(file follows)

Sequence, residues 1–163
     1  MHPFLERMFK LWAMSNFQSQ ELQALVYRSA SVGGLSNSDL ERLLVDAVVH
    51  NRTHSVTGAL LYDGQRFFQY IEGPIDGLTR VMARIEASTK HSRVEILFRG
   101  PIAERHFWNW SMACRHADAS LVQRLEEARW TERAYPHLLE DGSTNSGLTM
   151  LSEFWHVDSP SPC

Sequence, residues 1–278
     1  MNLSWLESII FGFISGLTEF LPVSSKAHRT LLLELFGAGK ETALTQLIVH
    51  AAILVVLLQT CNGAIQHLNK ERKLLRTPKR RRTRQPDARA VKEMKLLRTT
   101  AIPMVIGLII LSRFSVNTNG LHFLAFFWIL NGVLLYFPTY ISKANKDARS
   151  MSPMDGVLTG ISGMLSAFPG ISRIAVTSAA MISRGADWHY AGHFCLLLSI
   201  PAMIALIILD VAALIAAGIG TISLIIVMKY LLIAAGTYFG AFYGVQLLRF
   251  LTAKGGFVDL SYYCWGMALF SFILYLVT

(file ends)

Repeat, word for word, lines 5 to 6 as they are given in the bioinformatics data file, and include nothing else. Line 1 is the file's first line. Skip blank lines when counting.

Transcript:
   151  LSEFWHVDSP SPC

Sequence, residues 1–278